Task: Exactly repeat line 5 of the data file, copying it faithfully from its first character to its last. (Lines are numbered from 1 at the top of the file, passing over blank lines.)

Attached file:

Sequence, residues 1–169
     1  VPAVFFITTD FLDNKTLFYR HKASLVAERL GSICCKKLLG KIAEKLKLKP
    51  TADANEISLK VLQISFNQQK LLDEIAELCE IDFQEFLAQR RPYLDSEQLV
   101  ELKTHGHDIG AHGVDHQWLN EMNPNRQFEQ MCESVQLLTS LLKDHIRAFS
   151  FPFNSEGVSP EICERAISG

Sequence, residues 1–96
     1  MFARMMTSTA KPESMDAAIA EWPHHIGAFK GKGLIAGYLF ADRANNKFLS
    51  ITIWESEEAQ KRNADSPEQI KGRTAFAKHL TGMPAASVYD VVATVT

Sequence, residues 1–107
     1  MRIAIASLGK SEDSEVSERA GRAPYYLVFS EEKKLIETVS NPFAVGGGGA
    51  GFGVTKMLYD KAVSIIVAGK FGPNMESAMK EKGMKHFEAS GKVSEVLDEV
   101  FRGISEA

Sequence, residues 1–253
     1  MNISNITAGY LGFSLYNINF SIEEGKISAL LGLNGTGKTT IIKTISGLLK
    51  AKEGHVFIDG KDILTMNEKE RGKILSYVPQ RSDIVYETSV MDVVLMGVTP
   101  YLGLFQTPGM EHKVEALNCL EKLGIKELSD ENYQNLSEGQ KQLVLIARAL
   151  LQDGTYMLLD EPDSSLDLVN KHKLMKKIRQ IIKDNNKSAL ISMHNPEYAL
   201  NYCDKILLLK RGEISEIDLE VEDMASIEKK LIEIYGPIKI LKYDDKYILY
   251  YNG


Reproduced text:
   151  FPFNSEGVSP EICERAISG